Design Brief

"A problem well-defined is half solved." --John Dewey, educational pioneer

The theme for the Biomimicry Global Design Challenge in 2015 and 2016 is "Food Systems." Teams are challenged to:

Look to the abundance of lessons nature has to offer and develop a biomimetic design that solves an important food system challenge while protecting the health of our planet.

Specifically, that means we're looking for design concepts that:

  • Identify and solve a specific problem within the food system.
  • Intentionally emulate one or more mechanisms, processes, patterns, or systems found in nature.
  • Enhance the sustainability of the food system, whether from an environmental, social, or economic perspective—or ideally all three.

What you choose to focus on within the broad category of the "Food System" is up to you. If you don't already have a design opportunity in mind, the information below may help your team narrow this broad challenge into a specific design problem—one with potential for impact and at a scope and scale that is feasible for your team.

In all cases teams should become familiar with the core concepts and methods of biomimicry, as outlined in the Biomimicry Toolbox, which is available in the Resources section of this website for all registered participants. How well your design concept emulates nature and how well you followed a biomimicry design process are both significant factors during judging.


NARROWING THE CHALLENGE

Our global food system is incredibly complex and riddled both with problems and with opportunities for change. There is no single solution that can address all the issues. To improve our food system overall, we will need solutions at a variety of scales and in a variety of sectors, all working together.

For this reason, some of the most important steps in your team's design process will be narrowing the challenge to a specific area of intervention, setting clear goals, and identifying the context and constraints you need to work within. This process is sometimes called “problem definition," or “scoping." The information below will help you get started. For more on selecting and scoping a challenge, review the slides and recording from the Food System Challenges and Opportunities webinar, and refer to the Biomimicry Toolbox.

Consider food system challenges and leverage points for design

Just like all systems in our world, the food system is made up of many smaller systems and components, and is connected to other systems. Each of the subsystems and leverage points below contain multiple opportunities for design.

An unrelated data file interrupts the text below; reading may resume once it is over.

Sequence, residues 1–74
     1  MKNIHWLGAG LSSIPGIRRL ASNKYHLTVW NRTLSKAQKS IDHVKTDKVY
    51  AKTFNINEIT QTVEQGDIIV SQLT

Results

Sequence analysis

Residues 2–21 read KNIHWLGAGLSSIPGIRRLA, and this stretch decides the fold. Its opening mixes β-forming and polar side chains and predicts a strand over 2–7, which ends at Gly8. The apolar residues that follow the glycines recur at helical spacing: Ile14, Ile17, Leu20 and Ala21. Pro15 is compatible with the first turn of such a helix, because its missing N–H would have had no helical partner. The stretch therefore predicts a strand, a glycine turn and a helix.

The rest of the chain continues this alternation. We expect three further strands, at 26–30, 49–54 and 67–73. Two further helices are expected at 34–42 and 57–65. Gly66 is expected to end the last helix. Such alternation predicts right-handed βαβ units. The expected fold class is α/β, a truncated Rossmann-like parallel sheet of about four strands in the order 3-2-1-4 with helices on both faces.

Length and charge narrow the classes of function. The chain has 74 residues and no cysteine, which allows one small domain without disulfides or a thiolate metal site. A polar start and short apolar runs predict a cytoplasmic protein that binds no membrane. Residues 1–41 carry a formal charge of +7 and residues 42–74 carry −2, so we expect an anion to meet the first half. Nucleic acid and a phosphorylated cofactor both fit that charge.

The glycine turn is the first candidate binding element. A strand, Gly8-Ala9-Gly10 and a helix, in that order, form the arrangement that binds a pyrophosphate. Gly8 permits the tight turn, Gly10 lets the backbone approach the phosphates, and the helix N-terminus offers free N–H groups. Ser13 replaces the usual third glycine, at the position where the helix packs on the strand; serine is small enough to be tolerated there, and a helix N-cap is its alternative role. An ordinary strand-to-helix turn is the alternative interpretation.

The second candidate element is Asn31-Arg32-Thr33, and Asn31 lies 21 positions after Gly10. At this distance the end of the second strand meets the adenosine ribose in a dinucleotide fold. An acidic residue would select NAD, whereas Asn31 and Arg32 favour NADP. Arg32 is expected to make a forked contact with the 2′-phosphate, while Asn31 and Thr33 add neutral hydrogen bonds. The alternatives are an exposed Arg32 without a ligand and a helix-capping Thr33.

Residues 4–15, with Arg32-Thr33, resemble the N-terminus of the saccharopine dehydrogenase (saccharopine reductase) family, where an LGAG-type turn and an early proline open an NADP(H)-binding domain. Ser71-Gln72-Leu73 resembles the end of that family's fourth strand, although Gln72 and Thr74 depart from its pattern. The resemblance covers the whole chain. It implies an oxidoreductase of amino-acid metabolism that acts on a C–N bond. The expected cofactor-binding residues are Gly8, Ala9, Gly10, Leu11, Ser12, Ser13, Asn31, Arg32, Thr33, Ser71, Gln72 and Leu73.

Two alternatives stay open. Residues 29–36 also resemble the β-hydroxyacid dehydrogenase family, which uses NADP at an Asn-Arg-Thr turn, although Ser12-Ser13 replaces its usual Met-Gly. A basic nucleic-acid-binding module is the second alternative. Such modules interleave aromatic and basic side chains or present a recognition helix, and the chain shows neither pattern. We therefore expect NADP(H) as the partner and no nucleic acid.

• Food production systems: Growing and harvesting crops, livestock and seafood production or harvest, soil health, irrigation, pest control, soil erosion, energy use, climate factors, etc.
  • Processing and distribution systems: Spoilage prevention, packaging, water use, transportation, supply chain management, community food security, food safety, etc.
  • Resource use and recovery systems: Food and packaging waste, collection and capture logistics, utilization opportunities, returning nutrients to the soil, educating/engaging consumers, etc.
  • Connections to other systems: Economic system, social systems, political and regulatory systems, health system, ecological systems, etc.

Consider team context

It is also important to consider your team's context and membership when selecting a design challenge to focus on. You will likely have greater success working on a problem you have (or could have) direct experience with, or one that is aligned to your professional or academic skill sets. Some things to consider:

  • What individual skills, interests, and experiences does your team have? What kinds of problems most resonate with you?
  • What resources and mentorship opportunities are available to you? Are there any university, non-profit, or governmental groups in your community that are already working on food system issues? Do they have challenges they are working on that you could help solve? Local groups could make you aware of food system challenges in your own community and help you frame a challenge to explore. They may even want to join your team!
  • If you lack experience in an area of the food system that particularly interests you, seek out team members or mentors who can assist you and talk to people who have direct knowledge of the problem.
  • Especially if you are planning to enter the Open category of the food systems challenge, think about engaging team members with business or marketing skills early in the process. They can help ensure that your solution will resonate with those who ultimately will implement or use it—and better help you identify those stakeholders in the first place.